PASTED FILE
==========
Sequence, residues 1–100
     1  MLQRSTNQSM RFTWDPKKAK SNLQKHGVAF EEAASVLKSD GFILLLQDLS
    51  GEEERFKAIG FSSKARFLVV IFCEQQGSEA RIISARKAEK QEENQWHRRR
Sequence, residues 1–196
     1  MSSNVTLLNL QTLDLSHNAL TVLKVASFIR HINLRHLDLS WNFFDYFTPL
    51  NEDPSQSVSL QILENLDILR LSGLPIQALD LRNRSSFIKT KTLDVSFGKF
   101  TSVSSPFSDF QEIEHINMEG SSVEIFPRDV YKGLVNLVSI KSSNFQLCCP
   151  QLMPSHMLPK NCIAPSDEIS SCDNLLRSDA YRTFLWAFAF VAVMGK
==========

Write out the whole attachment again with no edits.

Sequence, residues 1–100
     1  MLQRSTNQSM RFTWDPKKAK SNLQKHGVAF EEAASVLKSD GFILLLQDLS
    51  GEEERFKAIG FSSKARFLVV IFCEQQGSEA RIISARKAEK QEENQWHRRR
Sequence, residues 1–196
     1  MSSNVTLLNL QTLDLSHNAL TVLKVASFIR HINLRHLDLS WNFFDYFTPL
    51  NEDPSQSVSL QILENLDILR LSGLPIQALD LRNRSSFIKT KTLDVSFGKF
   101  TSVSSPFSDF QEIEHINMEG SSVEIFPRDV YKGLVNLVSI KSSNFQLCCP
   151  QLMPSHMLPK NCIAPSDEIS SCDNLLRSDA YRTFLWAFAF VAVMGK